Asclera for Spider Veins
One sure sign that you’re getting older is the appearance of tiny clusters of squiggly red, purple, and blue lines on your thighs, calves, and ankles. Spider veins. Taking their name from their web-like appearance, spider veins aren’t usually painful, but no one likes to see them show up on their legs.
What are spider veins?
Spider veins are small superficial clusters of veins that are close to the skin surface. Because they are carrying dark, de-oxygenated blood, they are visible on the skin surface. They are common in women as they age. There is a genetic component to developing spider veins, as well.
What causes spider veins?
Like many areas of our body, sagging comes with the passing years. In your legs, your support tissues and muscles aren’t as strong as they once were. This matters, not just for your appearance in the mirror, but more importantly for their role in supporting the veins. Your muscles and support tissues give your veins a helping hand of sorts. Your veins are responsible for returning deoxygenated blood to the heart and lungs. But in the legs, the veins have a completely uphill battle. Your muscles and support tissues help the veins push the blood upward, gently squeezing the veins. As these tissues weaken with age, they don’t supply support they used to.
Plus, the veins can be at fault. The veins have one-way valves in them that prevent blood from backflowing. These valves can begin to malfunction. Plus, the veins themselves can weaken. The combination allows blood to pool in spots or for the blood flow to slow and become inefficient. This is why varicose veins and spider veins form. Their curvy ways are signs that the blood is pooling and otherwise not flowing very well.
How does sclerotherapy remove spider veins?
The best way to remove spider veins is called sclerotherapy. Originally developing in the 1920s, sclerotherapy is a simple procedure. A sclerosing solution (formerly mostly saline) is injected with a very thin needle directly into the spider vein or adjacent to it. The sclerosing agent irritates the vein walls, causing them to collapse. This closes off the vein and immediately lessens its appearance. Then over the next few weeks, the body goes about the process of absorbing the now-unused vein, making it fully go away. Any blood that was routed through the spider vein is instantly re-routed to an adjacent, healthier vein.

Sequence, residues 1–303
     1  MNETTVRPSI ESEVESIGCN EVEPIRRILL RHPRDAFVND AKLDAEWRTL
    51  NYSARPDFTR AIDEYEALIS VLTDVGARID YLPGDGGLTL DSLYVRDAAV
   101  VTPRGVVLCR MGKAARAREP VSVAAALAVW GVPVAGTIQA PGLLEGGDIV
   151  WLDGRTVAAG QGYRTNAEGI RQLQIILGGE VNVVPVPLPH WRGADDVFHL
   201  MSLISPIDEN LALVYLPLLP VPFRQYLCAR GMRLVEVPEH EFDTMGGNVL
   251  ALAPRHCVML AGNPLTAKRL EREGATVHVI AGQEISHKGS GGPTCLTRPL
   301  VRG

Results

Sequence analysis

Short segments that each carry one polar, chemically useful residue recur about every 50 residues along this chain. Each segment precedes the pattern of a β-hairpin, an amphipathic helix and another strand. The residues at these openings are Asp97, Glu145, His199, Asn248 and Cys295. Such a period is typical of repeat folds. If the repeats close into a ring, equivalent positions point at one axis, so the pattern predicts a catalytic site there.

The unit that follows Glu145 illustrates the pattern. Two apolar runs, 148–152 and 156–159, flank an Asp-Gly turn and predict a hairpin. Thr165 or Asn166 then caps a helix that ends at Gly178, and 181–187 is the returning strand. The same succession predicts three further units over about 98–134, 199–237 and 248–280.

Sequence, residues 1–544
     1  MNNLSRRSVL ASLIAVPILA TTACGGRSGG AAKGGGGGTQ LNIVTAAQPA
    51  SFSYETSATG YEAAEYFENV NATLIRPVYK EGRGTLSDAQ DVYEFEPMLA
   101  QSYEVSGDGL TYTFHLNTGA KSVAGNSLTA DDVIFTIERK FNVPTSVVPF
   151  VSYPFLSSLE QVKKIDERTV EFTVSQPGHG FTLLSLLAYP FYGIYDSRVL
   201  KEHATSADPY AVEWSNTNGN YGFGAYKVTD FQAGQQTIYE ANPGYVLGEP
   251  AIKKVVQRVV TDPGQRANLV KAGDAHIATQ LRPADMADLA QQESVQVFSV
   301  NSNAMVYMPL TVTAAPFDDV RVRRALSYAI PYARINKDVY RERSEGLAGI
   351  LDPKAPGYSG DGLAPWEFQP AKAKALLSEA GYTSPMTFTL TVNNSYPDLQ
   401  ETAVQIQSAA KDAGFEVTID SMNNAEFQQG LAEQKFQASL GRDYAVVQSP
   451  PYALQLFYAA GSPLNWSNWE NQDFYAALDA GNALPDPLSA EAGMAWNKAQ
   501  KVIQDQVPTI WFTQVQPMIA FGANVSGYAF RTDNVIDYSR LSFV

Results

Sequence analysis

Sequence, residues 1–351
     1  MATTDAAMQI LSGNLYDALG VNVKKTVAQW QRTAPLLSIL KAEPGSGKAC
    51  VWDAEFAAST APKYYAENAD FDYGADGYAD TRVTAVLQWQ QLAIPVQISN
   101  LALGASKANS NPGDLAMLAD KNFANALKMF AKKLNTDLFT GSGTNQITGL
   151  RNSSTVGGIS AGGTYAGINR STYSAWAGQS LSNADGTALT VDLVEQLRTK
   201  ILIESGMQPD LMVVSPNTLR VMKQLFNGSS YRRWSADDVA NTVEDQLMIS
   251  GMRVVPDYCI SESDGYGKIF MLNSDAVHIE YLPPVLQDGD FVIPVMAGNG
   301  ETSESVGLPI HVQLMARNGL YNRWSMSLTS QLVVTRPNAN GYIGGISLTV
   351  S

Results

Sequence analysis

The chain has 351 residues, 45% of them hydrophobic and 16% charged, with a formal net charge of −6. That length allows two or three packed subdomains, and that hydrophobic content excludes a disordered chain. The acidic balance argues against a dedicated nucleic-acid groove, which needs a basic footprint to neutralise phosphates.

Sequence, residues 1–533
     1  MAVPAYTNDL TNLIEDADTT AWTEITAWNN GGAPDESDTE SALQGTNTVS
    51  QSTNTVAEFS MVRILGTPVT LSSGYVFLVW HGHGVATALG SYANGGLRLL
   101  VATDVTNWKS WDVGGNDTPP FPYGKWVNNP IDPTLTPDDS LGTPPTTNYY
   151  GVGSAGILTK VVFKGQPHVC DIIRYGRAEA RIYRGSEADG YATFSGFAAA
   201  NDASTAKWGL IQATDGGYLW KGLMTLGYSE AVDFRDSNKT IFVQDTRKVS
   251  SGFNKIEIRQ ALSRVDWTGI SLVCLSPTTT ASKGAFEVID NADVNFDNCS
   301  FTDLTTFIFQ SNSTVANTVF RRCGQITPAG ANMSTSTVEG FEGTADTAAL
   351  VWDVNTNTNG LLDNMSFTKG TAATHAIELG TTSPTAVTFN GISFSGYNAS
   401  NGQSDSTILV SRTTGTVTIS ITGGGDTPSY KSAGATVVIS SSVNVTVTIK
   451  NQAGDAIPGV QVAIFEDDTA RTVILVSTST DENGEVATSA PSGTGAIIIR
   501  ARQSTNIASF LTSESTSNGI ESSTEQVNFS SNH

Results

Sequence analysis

At the Laser & Mohs Dermatology, we now use a relatively new sclerosing agent called Asclera® for our spider vein treatment. This has proven to be very comfortable for our patients.
What is Asclera?
Asclera® is an FDA-approved prescription medicine that is used for sclerotherapy. It is used to treat two types of veins in the legs:
- Uncomplicated spider veins (less than 1 mm in diameter)
- Uncomplicated small varicose veins (from 1 mm to 3 mm in diameter)
Asclera® is clinically known as polidocanol. Dr. Quintana trusts Asclera® rather than other sclerosant agents for its consistency. Proven consistency and effectiveness was necessary to gain FDA approval.
How does Asclera work?
Asclera® is a sclerosing agent that is injected into the unwanted vein. Once injected, Asclera® irritates the endothelium, the inside lining of the vein. This causes blood platelets and cellular debris to attach to the walls, and this causes the vein to collapse and close off. This instantly dramatically decreases the visibility of the spider vein. Over the course of a few weeks the body then scavenges the unused vein and it completely disappears.
Before & After Asclera® treatment
Treated with 1% Asclera®
How long does a sclerotherapy session with Asclera take?
A typical session with Dr. Quintana or Dr. Boker lasts from 15 to 45 minutes, depending on the number of spider vein clusters being targeted. Generally, 1-3 injections may be used for a single spider vein. This is usually sufficient to close off the unwanted vein, but sometimes a second injection session in 1-2 weeks may be needed.
When will I see results from sclerotherapy?
Results are immediate, as the injection of Asclera® causes the vein walls to collapse. This instantly reduces the visibility of the vein. For some veins, this completely makes the vein invisible on the surface skin. For others, they decrease in visibility but aren’t fully gone for a few weeks.
What happens after my sclerotherapy session?
Dr. Quintana recommends that you wear compression hose during waking hours for one to two weeks. This is especially true if you had a number of veins treated. The pressure applied by these hose improves the body’s ability to immediately start absorbing these closed-off veins. Otherwise, walking and moderate exercise is fine immediately after your procedure. You should avoid any really strenuous exercise for about one week, however.
Potential risks involved with sclerotherapy with Asclera
As mentioned above, sclerotherapy has been performed since the 1920s and it remains the best method for removing spider veins and small varicose veins. Dr. Quintana feels Asclera® only improves the process compared to using other sclerosants such as saline solution. These are very low-risk treatments.
Temporary side effects may occur at the injection sites; these typically resolve in a few days:
- Slight swelling
- Darkened skin
There is a very slight risk of an allergic reaction. If you have severe allergies, particularly to polidocanol, please tell us beforehand so we can test to see if you can have Asclera®.